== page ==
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PLoS Comput Biol. 2009 Feb;5(2):e1000280. doi: 10.1371/journal.pcbi.1000280. Epub 2009 Feb 6.

Social contact networks and disease eradicability under voluntary vaccination.

Author information

1
Department of Mathematics and Statistics, University of Guelph, Guelph, Ontario, Canada.

Abstract

Certain theories suggest that it should be difficult or impossible to eradicate a vaccine-preventable disease under voluntary vaccination: Herd immunity implies that the individual incentive to vaccinate disappears at high coverage levels. Historically, there have been examples of declining coverage for vaccines, such as MMR vaccine and whole-cell pertussis vaccine, that are consistent with this theory. On the other hand, smallpox was globally eradicated by 1980 despite voluntary vaccination policies in many jurisdictions. Previous modeling studies of the interplay between disease dynamics and individual vaccinating behavior have assumed that infection is transmitted in a homogeneously mixing population. By comparison, here we simulate transmission of a vaccine-preventable SEIR infection through a random, static contact network. Individuals choose whether to vaccinate based on infection risks from neighbors, and based on vaccine risks. When neighborhood size is small, rational vaccinating behavior results in rapid containment of the infection through voluntary ring vaccination. As neighborhood size increases (while the average force of infection is held constant), a threshold is reached beyond which the infection can break through partially vaccinated rings, percolating through the whole population and resulting in considerable epidemic final sizes and a large number vaccinated. The former outcome represents convergence between individually and socially optimal outcomes, whereas the latter represents their divergence, as observed in most models of individual vaccinating behavior that assume homogeneous mixing. Similar effects are observed in an extended model using smallpox-specific natural history and transmissibility assumptions. This work illustrates the significant qualitative differences between behavior-infection dynamics in discrete contact-structured populations versus continuous unstructured populations. This work also shows how disease eradicability in populations where voluntary vaccination is the primary control mechanism may depend partly on whether the disease is transmissible only to a few close social contacts or to a larger subset of the population.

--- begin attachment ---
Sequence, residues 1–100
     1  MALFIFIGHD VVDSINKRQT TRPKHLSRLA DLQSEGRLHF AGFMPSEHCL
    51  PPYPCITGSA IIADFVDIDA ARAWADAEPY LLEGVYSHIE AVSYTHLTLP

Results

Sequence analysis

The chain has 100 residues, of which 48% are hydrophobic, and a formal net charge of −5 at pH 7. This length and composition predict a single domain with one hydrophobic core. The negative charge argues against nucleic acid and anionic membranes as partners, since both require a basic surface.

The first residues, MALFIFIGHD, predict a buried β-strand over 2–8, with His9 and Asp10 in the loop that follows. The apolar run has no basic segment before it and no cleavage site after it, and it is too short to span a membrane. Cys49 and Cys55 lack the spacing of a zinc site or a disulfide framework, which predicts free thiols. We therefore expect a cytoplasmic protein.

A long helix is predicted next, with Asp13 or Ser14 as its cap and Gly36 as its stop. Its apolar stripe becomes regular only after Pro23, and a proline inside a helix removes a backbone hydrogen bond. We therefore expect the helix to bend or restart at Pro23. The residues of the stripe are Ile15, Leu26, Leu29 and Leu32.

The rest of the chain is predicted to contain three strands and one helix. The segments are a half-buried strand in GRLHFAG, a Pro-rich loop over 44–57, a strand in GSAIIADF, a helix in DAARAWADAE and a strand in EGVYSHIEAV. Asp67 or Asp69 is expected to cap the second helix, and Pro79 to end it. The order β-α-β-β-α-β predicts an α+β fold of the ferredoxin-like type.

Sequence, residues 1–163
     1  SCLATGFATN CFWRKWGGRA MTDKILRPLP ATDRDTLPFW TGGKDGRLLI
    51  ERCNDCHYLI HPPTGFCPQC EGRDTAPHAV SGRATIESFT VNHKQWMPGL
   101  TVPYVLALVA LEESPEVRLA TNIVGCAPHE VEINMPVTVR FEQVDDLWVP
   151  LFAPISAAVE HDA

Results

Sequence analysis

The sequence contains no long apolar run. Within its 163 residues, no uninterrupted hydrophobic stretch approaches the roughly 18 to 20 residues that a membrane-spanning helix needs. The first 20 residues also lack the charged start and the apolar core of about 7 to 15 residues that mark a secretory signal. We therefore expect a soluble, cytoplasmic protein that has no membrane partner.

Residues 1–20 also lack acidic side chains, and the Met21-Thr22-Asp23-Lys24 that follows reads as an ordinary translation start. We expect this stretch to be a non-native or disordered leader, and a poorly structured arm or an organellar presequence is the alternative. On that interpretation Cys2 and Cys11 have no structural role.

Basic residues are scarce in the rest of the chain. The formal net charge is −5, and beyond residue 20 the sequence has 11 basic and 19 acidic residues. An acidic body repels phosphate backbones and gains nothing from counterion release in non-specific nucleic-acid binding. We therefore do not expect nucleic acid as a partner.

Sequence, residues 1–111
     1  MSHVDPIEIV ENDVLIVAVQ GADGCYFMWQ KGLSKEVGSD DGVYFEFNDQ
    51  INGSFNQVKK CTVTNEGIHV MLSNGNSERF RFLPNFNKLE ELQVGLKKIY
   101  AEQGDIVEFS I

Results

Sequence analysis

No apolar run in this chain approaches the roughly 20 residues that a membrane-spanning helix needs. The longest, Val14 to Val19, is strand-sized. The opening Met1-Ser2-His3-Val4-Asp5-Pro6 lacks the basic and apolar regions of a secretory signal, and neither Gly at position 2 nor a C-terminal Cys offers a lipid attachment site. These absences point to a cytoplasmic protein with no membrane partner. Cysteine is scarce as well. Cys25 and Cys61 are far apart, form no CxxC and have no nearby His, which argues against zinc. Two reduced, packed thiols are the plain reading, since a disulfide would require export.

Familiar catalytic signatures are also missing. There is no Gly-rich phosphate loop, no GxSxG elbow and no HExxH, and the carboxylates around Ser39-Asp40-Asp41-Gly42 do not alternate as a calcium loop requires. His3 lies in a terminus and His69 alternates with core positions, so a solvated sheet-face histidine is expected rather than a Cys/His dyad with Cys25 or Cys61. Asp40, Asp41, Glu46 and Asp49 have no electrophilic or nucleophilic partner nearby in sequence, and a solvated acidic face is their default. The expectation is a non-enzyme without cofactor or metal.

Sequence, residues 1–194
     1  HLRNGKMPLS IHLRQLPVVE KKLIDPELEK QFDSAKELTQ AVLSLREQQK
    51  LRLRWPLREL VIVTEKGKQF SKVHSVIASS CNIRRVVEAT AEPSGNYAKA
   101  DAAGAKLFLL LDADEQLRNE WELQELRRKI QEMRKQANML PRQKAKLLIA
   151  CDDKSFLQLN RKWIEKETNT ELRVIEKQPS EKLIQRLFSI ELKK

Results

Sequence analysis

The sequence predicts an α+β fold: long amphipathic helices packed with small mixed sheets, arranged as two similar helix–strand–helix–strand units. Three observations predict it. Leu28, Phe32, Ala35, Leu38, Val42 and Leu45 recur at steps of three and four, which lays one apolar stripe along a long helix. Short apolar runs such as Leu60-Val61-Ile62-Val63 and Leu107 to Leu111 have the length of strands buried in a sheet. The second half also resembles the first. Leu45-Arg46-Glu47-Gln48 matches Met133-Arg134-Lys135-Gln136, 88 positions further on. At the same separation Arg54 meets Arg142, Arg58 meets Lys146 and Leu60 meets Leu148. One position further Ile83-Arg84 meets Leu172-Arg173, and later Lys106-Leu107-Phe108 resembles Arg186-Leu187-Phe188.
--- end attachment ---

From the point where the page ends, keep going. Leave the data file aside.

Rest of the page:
PMID:
19197342
PMCID:
PMC2625434
DOI:
10.1371/journal.pcbi.1000280
[Indexed for MEDLINE]
Free PMC Article

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